Younger American men are noticeably less likely than older men to say that they are 'completely masculine'
Few areas of American life have seen as much change as the world of gender and sexuality. When the youngest retirees were born in the early 50s, women were expected to stay in the home and nurture the children while men were expected to serve as breadwinners, aloof from many of the mundane household tasks and joys. Today, in 2016, gender roles have been transformed as the percentage of men who stay home to take care of children increases and women begin to beat men in academic achievement and are slowly closing the income gap.
Research from YouGov shows that the muscular masculinity of decades past is a fading feature of American life for the young. Americans were asked to rate themselves on a scale of 0 to 6, there 0 is 'completely masculine' and 6 is 'completely feminine'. 65% of men over the age of 65 say that they are 'completely masculine, while only 28% of men aged 30 to 44 and 30% of men aged 18 to 29 say the same. Among under-30s, 13% put themselves halfway between the masculine and the feminine, while 12% say that they are at least slightly feminine. Only 4% of over-65 men say that they are at all feminine.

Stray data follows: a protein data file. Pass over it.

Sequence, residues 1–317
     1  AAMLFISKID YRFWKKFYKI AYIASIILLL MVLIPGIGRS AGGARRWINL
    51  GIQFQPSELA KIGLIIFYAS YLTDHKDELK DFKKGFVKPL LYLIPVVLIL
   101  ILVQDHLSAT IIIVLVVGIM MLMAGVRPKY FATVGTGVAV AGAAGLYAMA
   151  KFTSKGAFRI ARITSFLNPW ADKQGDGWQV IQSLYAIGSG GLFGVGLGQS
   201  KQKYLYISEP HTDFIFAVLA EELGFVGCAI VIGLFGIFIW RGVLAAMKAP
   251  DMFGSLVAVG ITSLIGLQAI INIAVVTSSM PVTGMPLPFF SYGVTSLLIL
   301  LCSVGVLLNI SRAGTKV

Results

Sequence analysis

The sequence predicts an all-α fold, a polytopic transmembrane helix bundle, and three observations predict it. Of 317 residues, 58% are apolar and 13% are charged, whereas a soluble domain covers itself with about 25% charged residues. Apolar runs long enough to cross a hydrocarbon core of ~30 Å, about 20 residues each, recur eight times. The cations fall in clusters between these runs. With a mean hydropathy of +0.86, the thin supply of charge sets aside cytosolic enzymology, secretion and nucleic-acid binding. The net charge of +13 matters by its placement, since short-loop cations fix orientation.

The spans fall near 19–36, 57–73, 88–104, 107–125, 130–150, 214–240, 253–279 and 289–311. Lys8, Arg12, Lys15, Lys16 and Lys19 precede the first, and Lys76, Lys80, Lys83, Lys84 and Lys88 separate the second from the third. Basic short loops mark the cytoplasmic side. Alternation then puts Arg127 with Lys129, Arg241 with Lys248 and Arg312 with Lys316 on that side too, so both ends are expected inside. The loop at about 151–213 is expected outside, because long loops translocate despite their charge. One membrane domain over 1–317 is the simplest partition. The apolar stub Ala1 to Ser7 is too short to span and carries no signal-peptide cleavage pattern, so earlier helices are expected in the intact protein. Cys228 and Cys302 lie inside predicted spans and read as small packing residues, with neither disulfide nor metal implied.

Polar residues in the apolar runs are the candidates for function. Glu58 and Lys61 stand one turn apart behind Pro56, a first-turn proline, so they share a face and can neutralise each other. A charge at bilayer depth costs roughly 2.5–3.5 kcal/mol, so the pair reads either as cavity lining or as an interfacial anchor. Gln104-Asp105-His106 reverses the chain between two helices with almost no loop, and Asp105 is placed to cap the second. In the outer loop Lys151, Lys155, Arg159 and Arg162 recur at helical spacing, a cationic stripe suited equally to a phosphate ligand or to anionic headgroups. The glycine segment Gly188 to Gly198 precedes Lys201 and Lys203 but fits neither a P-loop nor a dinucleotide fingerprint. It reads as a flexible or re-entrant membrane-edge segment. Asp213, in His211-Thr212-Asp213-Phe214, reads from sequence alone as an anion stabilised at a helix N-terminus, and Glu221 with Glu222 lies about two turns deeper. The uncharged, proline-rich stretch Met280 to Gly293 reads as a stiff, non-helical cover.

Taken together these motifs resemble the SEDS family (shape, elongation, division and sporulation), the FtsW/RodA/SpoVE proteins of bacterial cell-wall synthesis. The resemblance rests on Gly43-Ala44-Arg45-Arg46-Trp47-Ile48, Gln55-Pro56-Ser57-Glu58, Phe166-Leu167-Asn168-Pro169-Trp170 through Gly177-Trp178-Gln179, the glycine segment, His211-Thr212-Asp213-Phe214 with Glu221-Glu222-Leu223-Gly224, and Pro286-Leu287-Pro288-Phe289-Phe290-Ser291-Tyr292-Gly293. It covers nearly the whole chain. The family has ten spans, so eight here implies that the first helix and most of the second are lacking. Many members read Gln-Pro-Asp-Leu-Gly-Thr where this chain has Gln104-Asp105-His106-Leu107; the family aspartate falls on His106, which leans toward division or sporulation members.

Women show a very similar split along age, but women are slightly less likely than men to describe themselves as atypical. 88% of American women describe themselves as feminine, compared to 82% of American men who describe themselves as masculine.
This survey was also conducted in the UK. In the UK men and women are less likely to describe themselves as completely masculine or feminine, and the age gap is even more pronounced. Among British men 56% of over-65s describe themselves as 'completely masculine - only 9% lower than in the US. Among British men aged 18 to 24, however, only 2% say that they are 'completely masculine'.
Full poll results and margin of error can be found here.